Arms and Armor

As a fantasy author and reader, I need a passing familiarity with arms and armor.  I am typically not someone who dwells on clothing, which extends to and includes armor, so my acquaintance with greaves and hauberks and plate and scale mail is mostly from my reading.

I am growing fond of weaponry, though.  Again, the original knowledge came from reading fantasy.  I often use context clues when I don’t know what something is, but I will also look things up from time to time.

Today I wanted to share with you just a couple of my favorite terms.  Some of them are actually favorite pieces, others are just fun words. I’ll restrict myself to personal weaponry – as much as I like siege engines, we’ll save them for another day.  Many of these I’d like to handle and/or use at some point, just for the experience, but that seems relatively unlikely.

Flail – this should come as no surprise to the people who know me or who have read this blog.  A flail is that lovely weapon which consists of a metal ball (or two) on a chain, attached to a reinforced club.  This is not a mace!  Maces are simply metal-reinforced clubs; if there’s a chain involved, it becomes a flail!

Crossbow and Windlass –  Ah, the crossbow.  One of these days I am going to fire one!  It is powerful enough (usually) to puncture armor.  It takes so much power to pull the string into place that they are often reloaded using a type of crank called a windlass.

Gambeson – this looks like a quilted shirt.  It’s worn under armor, be it plate or chain, as a protective layer (and padding)!

Vambrace – armor for your arms!  Vambraces cover the forearms, usually from wrists to elbows.  You’ll sometimes see authors who put fighters in vambraces without other armor, to add extra protection for unexpected fighting.

Anybody else want to share their favorite fantasy arms and armor?


5 Comments (+add yours?)

  1. lyricalmeanings
    Mar 02, 2012 @ 17:31:14

    I am totally with you on the crossbow, though for me the long bow has the edge in terms of speed and dexterity. It always seems a more delicate weapon. I also love the two hand swords and the swordplay that needs to be adapted to use each weapon to its best advantage.


    • Leigh Townsend
      Mar 03, 2012 @ 16:48:13

      The longbow definitely has its place in my writing, but for some reason I’m fascinated by the crossbow. And I do love swords, but the swordplay is one of those things I have to actually act out (with weapon stand-ins) in order to write it correctly.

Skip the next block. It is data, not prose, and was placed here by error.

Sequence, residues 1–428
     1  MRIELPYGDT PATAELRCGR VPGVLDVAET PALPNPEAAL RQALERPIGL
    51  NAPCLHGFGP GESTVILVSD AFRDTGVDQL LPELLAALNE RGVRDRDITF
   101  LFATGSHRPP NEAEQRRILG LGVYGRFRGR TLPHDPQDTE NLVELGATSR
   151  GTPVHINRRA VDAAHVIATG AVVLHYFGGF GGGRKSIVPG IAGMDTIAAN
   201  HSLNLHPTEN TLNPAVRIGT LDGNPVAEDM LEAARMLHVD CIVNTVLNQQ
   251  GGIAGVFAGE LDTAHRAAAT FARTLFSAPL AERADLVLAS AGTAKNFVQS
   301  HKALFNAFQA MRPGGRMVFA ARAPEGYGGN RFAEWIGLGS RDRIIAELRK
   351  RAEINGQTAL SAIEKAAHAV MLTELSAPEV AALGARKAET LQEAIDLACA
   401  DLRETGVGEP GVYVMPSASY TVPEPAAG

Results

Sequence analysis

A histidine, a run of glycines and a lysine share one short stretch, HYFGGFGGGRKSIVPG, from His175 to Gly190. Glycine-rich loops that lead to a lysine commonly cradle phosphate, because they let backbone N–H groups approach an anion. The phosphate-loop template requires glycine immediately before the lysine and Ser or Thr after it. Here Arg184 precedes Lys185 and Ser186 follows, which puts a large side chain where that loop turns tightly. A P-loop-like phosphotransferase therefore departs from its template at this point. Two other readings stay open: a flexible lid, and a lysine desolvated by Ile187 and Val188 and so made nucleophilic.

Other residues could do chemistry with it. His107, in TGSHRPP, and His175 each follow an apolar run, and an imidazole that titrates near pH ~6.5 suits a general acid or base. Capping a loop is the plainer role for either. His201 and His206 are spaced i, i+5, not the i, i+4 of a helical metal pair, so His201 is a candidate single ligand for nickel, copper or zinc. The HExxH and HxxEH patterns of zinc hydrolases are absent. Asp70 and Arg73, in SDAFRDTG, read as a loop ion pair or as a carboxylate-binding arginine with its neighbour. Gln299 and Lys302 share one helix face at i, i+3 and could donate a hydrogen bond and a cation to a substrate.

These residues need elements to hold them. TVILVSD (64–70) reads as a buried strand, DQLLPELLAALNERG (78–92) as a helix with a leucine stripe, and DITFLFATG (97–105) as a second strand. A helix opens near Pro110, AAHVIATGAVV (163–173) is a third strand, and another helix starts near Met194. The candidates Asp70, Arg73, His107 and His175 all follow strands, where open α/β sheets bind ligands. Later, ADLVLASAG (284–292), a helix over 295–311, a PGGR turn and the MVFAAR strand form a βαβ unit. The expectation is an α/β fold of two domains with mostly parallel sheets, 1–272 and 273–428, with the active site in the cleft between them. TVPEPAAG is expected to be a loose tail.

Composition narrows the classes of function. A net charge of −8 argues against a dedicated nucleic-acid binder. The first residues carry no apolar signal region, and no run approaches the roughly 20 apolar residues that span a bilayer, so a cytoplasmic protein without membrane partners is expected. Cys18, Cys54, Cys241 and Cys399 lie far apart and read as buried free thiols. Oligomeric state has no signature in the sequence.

• lyricalmeanings
        Mar 03, 2012 @ 17:20:01

        I would love to be able to do that! Sounds like total commitment to the integrity which is brilliant. I hope the weapons training all adds up to a spectacular result. 🙂

  2. deshipley
    Mar 02, 2012 @ 19:22:58

    Ah, “gambeson”! I know him well, Horatio — or rather, just learned what it was during the drafting of my latest novel. Normally, I try to get by with the minimum, clothing-description-wise — (my imagination isn’t much suited to envisioning more than one or two outfits per character; what comes, I suppose, of growing up watching kids’ shows where no one ever seems to change clothes unless there’s a severe weather shift or special occasion) — but the question of “what on earth do you call that padded shirt thing, anyway?” needed to be addressed. (Online search engines: A writer’s best friend and biggest distraction, all rolled into one.)

    “Vambrace” is new to me. Love the sound of that word. (:


    • Leigh Townsend
      Mar 03, 2012 @ 16:50:40

      I have a great reference book that is a wonderful place to find the names of clothing and weaponry. It’s called “The Writer’s Complete Fantasy Reference” and while I’m not a fan of many of the sections (you should create your own fantasy monsters, not borrow someone else’s) I love the sections on weaponry, castles, and clothing. 🙂


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